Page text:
When my husband and I were shopping for a home, a basement apartment seemed like a no-brainer.
House prices in downtown Toronto were already sky-high, so we loved the idea of someone paying us $800 a month to live in a space we could do without. We knew we’d have to find tenants, fix leaky taps, spruce the place up, and comply with various bylaws, but these seemed like tasks we could easily deal with in order to buy in the neighbourhood we wanted and become mortgage-free sooner.
Seven years later, we’ve learned that finding the right tenant is more time-consuming than it appears, that things can and often do break at inconvenient times, that you can’t evict someone just because you don’t like their new boyfriend, and that being a landlord is a demanding, round-the-clock responsibility.
Don Campbell, the Vancouver-based president of the Real Estate Investment Network and the author of a number of books on real estate investing, says a rental suite can be an effective way to help pay the mortgage, but you have to treat it like the business it is.
“It is a great way to get on the property ladder and live in an area you want but can’t otherwise afford, but it comes with a cost,” he says. “If you don’t do it right, it can drive you crazy, both financially and psychologically.”
The biggest shock for most first-time landlords, he says, is the diminished privacy. “You walk into your backyard and there is your tenant, sunning themselves. You want to have a BBQ that night with your friends or boss and there is your tenant, sitting and smoking. Most people don’t think of that – they just want the 800 bucks.”
To avoid problems, here is Mr. Campbell‘s list of considerations for aspiring mom-and-pop landlords:
1. Consider your privacy.
Can you live with seeing a stranger around your house or using your property outside? Is the extra money worth it?
2. Try to avoid renting to family.
It is best not to rent to family, as it completely changes the relationship and is difficult to use “eviction” or “collection” rules against a non-paying family member without destroying the relationship and having the repercussions ripple out into the rest of the family.
3. Sign a proper written lease.
Always – even with family members – have a properly written lease between you and the tenant that clearly outlines the rules, late rent penalties, expectations, and length of term. It must be signed by every adult who is to reside in the suite.
4. Don’t set your rent too low.
Never be the lowest rent in the market – you will attract the type of renter whose focus is solely on dollars. It will also lead to more rapid turnover as they leave to the next “lowest rent” spot. To set the proper rent for your suite, go online and search for available units in your area. Make sure to look at a number of different sites and be location-specific in your comparisons. Look at the amenities and picture them through the eyes of a potential renter. Then place your price in the middle or higher end of the average comparable.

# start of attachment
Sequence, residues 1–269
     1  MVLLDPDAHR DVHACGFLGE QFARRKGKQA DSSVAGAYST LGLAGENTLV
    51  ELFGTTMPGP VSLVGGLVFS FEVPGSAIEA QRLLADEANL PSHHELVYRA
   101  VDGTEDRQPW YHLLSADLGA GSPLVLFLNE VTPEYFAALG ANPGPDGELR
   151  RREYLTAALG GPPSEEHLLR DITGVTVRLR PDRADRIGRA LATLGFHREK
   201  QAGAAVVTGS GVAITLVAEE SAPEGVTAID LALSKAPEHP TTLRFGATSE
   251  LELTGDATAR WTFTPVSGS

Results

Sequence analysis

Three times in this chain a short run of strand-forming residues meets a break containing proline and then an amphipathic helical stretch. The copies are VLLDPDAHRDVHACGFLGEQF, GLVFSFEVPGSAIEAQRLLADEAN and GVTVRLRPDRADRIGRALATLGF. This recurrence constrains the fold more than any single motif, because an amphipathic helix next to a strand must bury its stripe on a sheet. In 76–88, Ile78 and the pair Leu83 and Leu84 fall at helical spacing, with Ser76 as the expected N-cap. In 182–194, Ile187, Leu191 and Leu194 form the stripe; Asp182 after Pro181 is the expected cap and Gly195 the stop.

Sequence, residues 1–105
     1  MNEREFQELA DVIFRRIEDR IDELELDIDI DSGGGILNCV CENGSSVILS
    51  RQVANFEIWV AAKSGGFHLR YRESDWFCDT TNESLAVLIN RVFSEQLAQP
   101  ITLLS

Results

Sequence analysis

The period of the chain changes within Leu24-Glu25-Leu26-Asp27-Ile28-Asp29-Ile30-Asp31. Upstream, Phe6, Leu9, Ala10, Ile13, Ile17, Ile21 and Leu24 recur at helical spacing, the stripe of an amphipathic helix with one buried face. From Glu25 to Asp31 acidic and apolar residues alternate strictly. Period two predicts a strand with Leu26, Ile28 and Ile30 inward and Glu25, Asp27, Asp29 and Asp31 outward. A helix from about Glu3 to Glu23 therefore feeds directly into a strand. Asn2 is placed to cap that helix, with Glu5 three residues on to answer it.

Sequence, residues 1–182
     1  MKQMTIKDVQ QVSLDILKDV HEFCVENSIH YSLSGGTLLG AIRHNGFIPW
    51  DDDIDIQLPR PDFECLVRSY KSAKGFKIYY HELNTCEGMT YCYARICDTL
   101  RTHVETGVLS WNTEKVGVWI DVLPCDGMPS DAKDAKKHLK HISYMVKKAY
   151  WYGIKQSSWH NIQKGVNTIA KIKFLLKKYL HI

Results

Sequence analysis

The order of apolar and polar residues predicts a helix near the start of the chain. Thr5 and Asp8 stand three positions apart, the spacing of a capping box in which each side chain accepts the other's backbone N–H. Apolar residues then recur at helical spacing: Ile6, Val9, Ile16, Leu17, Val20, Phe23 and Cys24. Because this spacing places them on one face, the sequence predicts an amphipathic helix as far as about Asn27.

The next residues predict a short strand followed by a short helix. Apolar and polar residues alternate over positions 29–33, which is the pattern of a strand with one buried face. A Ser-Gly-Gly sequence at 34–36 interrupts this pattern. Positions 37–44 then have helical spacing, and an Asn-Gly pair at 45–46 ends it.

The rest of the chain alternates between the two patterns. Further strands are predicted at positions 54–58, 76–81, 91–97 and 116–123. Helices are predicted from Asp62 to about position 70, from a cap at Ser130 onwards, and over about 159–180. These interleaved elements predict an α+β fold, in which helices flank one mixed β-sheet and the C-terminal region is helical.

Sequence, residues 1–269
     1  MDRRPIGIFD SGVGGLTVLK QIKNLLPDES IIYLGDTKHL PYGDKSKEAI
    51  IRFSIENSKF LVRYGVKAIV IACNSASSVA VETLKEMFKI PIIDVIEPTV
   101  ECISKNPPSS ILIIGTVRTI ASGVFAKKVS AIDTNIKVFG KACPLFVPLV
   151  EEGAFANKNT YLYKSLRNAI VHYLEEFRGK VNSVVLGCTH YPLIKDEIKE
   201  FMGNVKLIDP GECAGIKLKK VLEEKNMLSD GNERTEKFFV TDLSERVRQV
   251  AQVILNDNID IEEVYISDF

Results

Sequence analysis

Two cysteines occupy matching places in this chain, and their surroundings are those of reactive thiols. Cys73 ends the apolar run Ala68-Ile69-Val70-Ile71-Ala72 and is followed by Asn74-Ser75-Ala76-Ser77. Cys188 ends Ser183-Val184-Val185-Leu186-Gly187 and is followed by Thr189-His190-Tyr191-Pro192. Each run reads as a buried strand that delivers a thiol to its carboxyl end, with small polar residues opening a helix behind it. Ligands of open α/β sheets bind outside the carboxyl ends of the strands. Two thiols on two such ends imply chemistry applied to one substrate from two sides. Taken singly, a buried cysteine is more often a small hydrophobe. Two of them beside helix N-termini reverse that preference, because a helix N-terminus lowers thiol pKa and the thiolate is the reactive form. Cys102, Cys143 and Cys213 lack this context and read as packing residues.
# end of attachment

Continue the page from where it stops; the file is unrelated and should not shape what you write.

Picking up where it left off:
5. Do your research.
Each province and territory has its own landlord-tenant legislation so make sure to read up on the rules that apply where you live. In addition, make sure to research your local municipal bylaws, which include things like guidelines and standards for fire and building safety. Municipal bylaws also cover issues like zoning and permits. For example, some cities are now looking to shut down secondary suites in specific neighbourhoods. Not conforming to these rules means you could be shut down at a moment’s notice, so check with the city to make sure that your suite is legal. The Canada Housing Mortgage and Housing Corp. has a useful website with many good links.
6. Tell your home insurance company.
When you rent out a unit in your home, you are obliged to inform your home insurance company – something that the vast majority of people fail to do. If anything were to happen, for instance if a fire starts in the rental suite, the insurance company could say they were not informed of the tenant and that the policy is voided.
7. Research the tax repercussions.
Once you have a rental suite in your home, you have to claim that rental income on your tax return. In addition, once you start using the property for revenue, a portion of the capital gain when selling the property could be deemed taxable.
8. Learn from other landlords.
Knowing the tricks of the trade is important and who better to learn from than other landlords? A great free way is to visit www.myREINspace.com and use the search function to read discussions between Canadian property owners and their experiences and strategies when dealing with tenants.
For my husband and I, $800 a month in rental income has gone a long way (especially when I was on maternity leave) and given the choice, we’d likely do it again. But my advice for anyone considering renting out part of their home is: Do your homework and be prepared for to do the work – and deal with the hassle – that comes with being a landlord.